Vivek Agnihotri’s ‘The Kashmir Files’ banned in Singapore

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Mumbai–Vivek Agnihotri’s blockbuster “The Kashmir Files” has been banned in Singapore by the country’s InfoComm Media Development Authority on the grounds that it could disrupt religious harmony.

According to ‘Variety’, the film, backed by ZEE5, revolves around a university student who learns of the religiously motivated political unrest that led to the death of his parents in Kashmir in the 1990s.

IMDA said it consulted with the Department for Culture, Community and Youth and the Home Office, and together they concluded the film had “exceeded film classification guidelines for its provocative and one-sided portrayal of Muslims and portrayals of persecuted Hindus in the ongoing Kashmir conflict, ‘Variety’ reports.

“These depictions have the potential to cause enmity between different communities and disrupt social cohesion and religious harmony in Singapore’s multi-racial and multi-religious society.”

According to ‘Variety’, under film classification guidelines, “any material disparaging racial or religious communities in Singapore” will be denied classification.

The film, made on a budget of $2 million, was released in cinemas in India and many international territories in mid-March and has grossed some $43 million to date.

It’s part of a big list of movie releases detailed on Monday by ZEE5, the multilingual streaming arm of the Zee Broadcasting Group.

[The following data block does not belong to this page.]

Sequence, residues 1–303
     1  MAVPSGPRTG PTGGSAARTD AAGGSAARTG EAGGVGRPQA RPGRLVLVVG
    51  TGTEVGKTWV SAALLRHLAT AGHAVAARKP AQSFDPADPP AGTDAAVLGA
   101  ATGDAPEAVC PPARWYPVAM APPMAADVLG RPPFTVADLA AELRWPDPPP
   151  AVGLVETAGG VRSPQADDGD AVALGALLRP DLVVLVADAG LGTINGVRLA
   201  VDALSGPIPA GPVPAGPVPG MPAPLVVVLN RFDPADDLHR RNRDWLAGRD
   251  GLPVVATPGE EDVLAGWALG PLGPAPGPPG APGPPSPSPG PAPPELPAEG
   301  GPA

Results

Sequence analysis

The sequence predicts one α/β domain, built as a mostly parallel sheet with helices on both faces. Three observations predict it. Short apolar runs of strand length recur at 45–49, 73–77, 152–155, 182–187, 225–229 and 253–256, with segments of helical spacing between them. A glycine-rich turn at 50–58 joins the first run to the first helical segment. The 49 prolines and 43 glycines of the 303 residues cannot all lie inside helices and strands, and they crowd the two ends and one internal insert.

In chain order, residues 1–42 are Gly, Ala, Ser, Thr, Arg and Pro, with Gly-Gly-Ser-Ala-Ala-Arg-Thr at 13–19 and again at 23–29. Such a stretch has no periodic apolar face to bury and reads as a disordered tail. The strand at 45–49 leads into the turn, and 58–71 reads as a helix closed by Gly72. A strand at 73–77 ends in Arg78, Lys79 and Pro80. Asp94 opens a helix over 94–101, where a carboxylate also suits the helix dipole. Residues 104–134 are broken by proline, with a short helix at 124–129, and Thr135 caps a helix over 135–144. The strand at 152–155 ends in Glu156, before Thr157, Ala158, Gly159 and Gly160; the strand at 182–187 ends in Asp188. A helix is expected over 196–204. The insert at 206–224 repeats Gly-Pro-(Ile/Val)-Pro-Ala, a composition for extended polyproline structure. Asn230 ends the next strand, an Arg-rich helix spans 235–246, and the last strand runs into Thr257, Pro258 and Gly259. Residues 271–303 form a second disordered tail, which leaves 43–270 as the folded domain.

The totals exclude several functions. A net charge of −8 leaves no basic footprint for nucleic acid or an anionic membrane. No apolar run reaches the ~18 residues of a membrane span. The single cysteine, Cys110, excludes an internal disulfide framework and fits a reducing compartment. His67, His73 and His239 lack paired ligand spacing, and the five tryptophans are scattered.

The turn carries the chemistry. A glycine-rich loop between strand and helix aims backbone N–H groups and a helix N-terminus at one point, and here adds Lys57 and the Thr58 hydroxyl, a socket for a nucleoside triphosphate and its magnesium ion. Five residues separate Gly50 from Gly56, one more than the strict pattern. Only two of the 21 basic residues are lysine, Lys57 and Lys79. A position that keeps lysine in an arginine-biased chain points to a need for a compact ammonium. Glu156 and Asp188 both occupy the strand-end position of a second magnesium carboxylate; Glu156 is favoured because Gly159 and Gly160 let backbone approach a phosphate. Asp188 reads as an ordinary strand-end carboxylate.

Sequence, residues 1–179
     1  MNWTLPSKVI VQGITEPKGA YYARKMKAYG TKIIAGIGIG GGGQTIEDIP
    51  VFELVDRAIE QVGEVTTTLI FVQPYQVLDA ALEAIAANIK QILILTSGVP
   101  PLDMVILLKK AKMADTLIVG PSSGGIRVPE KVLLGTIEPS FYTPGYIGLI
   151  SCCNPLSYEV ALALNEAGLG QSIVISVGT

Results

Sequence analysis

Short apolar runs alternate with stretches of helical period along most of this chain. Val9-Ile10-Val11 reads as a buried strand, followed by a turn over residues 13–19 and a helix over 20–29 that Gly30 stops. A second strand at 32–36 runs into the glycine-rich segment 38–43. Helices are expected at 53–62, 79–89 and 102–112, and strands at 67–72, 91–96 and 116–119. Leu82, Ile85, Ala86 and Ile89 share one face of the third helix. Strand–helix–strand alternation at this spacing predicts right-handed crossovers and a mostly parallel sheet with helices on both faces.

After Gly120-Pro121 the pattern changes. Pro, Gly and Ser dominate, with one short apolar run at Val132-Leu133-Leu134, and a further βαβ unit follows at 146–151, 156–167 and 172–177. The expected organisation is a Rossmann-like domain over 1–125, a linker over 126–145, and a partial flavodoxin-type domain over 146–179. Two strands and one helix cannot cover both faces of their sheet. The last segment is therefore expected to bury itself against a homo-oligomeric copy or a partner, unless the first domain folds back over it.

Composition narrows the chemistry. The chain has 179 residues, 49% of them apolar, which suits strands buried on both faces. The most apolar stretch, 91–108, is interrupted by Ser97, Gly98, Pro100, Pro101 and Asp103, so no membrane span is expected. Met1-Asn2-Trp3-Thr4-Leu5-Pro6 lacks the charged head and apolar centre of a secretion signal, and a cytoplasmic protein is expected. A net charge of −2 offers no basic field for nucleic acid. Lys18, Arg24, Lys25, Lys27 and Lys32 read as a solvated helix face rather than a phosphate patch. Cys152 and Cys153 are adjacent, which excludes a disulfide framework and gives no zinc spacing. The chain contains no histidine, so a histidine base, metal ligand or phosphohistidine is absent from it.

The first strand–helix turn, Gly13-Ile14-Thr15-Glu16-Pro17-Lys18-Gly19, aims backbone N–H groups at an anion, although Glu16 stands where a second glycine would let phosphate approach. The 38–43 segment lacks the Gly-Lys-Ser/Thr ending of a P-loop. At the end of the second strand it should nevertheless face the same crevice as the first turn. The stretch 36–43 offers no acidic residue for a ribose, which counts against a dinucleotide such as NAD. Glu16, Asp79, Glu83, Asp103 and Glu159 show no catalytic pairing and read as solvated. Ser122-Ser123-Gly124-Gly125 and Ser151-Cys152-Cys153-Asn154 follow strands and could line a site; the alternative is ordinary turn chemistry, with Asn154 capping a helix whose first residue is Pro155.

“The Kashmir Files” was briefly banned in the United Arab Emirates. But UAE authorities overturned their ban at the end of March and the film was released uncut from April 7. New Zealand had to raise the film’s rating from R16 to R18 after concerns were raised by the Muslim community.

Socially conservative Singapore censors films and TV shows due to depictions of drug use, possession and trafficking. The country does not recognize same-sex relationships and considers same-sex sexual activity illegal. It also represses activities that might disturb religious harmony.

With such an array of red lines, Singapore is the country that censors the Netflix streaming service the most. In 2020, Netflix said it only removed nine pieces of content globally in its (then) 23-year history. Five of the nine were removed at the request of the Singapore authorities. (IANS)

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